Imagine what the world would be like if every child received the education they deserved. The scientific breakthroughs we would achieve. The great enterprises that would be built. The works of art that would be created. “I believe that education is the single most powerful remedy for the problems of humanity,” says Boris Johnson in a video he posted on Twitter ahead of the Global Education Summit, being co-hosted by the UK and Kenyan government in London this week.
But if we really want to change the world for the better, girls' education is a great place to start.
Before Covid, 129 million girls worldwide were out of school; 32 million of primary school age, 30 million of lower-secondary school age, and 67 million of upper-secondary school age. The virus has been one of the biggest disruptors of education in history, forcing 1.6 billion young people out of school at its peak and exacerbating the existing learning crisis.
And according to UNICEF, an estimated 20 million girls in developing countries are likely to never return to school following the pandemic. An entire generation of girls could be left behind.
“Coronavirus forced us all to look in the mirror and it wasn’t nice,” says Dr David Moinina Sengeh, the minister of basic and senior secondary education for the government in Sierra Leone, at an event this week to tackle and celebrate the benefits of girls’ education.
He was joined by Helen Grant, MP for Maidstone and the Prime Minister’s new special envoy on girls' education, and Noella Coursaris Musunka, founder of the grassroots organisation Malaika, on a panel discussion chaired by Nimco Ali, a leading global FGM activist and an independent government adviser on tackling violence against women and girls.
“I talk a lot about improving safety for girls, because the gender-based barriers – forced early marriage, human trafficking, early and unintended pregnancy, and violence – that keep children around the world away from school are also linked to FGM,” Ali says.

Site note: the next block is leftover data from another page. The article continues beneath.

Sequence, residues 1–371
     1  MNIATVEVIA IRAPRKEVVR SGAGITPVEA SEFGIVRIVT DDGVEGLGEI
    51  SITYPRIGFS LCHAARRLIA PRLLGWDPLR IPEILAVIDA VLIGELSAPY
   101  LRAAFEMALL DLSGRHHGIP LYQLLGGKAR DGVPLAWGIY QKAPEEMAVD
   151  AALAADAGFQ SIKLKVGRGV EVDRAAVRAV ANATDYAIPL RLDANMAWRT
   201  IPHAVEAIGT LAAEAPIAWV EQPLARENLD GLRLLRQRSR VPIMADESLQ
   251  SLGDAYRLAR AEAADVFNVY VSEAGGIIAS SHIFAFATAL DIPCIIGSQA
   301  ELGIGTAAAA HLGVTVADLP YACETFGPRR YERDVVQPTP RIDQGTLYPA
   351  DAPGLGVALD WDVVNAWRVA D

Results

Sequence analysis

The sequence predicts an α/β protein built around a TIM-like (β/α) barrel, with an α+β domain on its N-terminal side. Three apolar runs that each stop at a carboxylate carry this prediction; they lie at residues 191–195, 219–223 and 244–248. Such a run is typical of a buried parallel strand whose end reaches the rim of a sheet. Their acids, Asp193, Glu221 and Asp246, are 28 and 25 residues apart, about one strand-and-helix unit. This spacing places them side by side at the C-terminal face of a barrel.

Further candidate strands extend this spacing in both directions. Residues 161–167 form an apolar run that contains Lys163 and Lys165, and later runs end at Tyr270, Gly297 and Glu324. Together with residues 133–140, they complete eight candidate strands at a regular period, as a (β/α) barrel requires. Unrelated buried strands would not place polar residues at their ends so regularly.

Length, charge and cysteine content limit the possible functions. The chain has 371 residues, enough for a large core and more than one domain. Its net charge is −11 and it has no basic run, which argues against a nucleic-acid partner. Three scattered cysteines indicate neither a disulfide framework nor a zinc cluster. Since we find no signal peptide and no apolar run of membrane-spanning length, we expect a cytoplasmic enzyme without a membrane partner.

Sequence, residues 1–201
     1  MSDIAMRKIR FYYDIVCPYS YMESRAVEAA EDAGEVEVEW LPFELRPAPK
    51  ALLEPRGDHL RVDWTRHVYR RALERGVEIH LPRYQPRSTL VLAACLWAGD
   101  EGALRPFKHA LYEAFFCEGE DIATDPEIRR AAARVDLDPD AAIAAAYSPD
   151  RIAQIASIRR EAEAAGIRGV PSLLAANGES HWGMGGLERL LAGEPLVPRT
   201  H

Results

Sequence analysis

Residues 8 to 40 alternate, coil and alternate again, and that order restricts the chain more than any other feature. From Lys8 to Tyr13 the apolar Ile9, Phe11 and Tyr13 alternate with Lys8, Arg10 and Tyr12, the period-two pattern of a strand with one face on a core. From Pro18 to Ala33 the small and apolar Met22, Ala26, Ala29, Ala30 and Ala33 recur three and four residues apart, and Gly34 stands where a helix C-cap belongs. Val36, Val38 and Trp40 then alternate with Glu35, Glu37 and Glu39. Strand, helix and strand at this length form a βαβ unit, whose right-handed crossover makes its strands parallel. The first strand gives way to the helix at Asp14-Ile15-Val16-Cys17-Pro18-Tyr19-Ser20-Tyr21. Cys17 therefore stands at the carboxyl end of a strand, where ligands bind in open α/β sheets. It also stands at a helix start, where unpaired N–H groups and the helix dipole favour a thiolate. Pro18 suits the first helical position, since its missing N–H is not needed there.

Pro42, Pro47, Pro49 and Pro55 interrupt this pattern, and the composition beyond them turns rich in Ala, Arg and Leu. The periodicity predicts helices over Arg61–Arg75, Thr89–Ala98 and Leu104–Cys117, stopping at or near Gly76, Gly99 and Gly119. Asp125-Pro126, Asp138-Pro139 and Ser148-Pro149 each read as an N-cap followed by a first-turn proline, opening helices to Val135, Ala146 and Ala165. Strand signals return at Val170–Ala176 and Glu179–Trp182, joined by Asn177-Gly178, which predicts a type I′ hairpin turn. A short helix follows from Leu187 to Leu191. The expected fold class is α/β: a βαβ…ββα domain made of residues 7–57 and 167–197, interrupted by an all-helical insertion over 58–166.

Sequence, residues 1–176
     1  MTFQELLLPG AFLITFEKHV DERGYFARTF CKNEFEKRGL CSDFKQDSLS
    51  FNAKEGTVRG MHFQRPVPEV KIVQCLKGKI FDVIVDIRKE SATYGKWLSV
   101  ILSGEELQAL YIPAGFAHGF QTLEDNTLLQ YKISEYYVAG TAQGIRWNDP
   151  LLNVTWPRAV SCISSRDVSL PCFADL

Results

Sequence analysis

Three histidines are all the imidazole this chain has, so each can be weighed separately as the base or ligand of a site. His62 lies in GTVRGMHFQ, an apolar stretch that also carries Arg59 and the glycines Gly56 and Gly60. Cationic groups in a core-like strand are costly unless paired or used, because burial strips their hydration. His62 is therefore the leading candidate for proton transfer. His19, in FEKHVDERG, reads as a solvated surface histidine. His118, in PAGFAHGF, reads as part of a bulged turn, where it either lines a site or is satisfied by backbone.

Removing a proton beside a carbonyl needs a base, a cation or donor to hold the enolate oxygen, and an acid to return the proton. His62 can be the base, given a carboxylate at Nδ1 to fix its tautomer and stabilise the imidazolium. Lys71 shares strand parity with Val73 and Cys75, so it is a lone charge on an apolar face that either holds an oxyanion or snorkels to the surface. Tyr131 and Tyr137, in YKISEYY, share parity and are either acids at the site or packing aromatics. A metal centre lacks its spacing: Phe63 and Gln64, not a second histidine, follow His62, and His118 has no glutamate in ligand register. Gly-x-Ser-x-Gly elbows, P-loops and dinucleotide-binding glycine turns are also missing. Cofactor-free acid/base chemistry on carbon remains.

“Having the privilege of talking to government ministers about investing in the future of Africa means girls can decide when they want to get married, who they want to get married to and how many kids they want to have. And that requires two things: education and employment. The UK has a pivotal role to play.”
Through Musunka, the world has already seen what an educated woman can do and achieve. Through her non-profit organisation founded in 2017, which empowers girls and their communities in the Democratic Republic of Congo in education and health, she has witnessed the benefit of “educating parents as well”.
“I don’t see how a girl will stay at school without her parents blessing,” says Musunka, who has a son and daughter. “If their parents do not understand the need for education or see the ripple effect it could have on the economy, we have a bigger issue to tackle.
“But this is work that has to be done in partnership with the government, to better resource grassroots organisations and to prioritise girls. We need educational centres where parents can also learn how to read, write and use 21st century technology.”
Otherwise, parents will fear that their children will outgrow them, Ali adds. “The only thing that separates some Africans in the diaspora from their parents [who still live back home] is quality education and the ability to work as women and hold our own money.”
In May, the UK Government announced a £55 million programme for research into education reforms to turbo charge their efforts to get girls into school – improving girls’ access to education is a key part of the UK’s G7 presidency and at the heart of global efforts to build back better from the pandemic.
Money is one of the enablers to education, says Grant. “Both boys’ education and girls' education are important,” says Grant. “But in order to provide a minimum of 12 years of quality education for girls around the world, doing what we did before is not an option. That's why there needs to be a special focus.”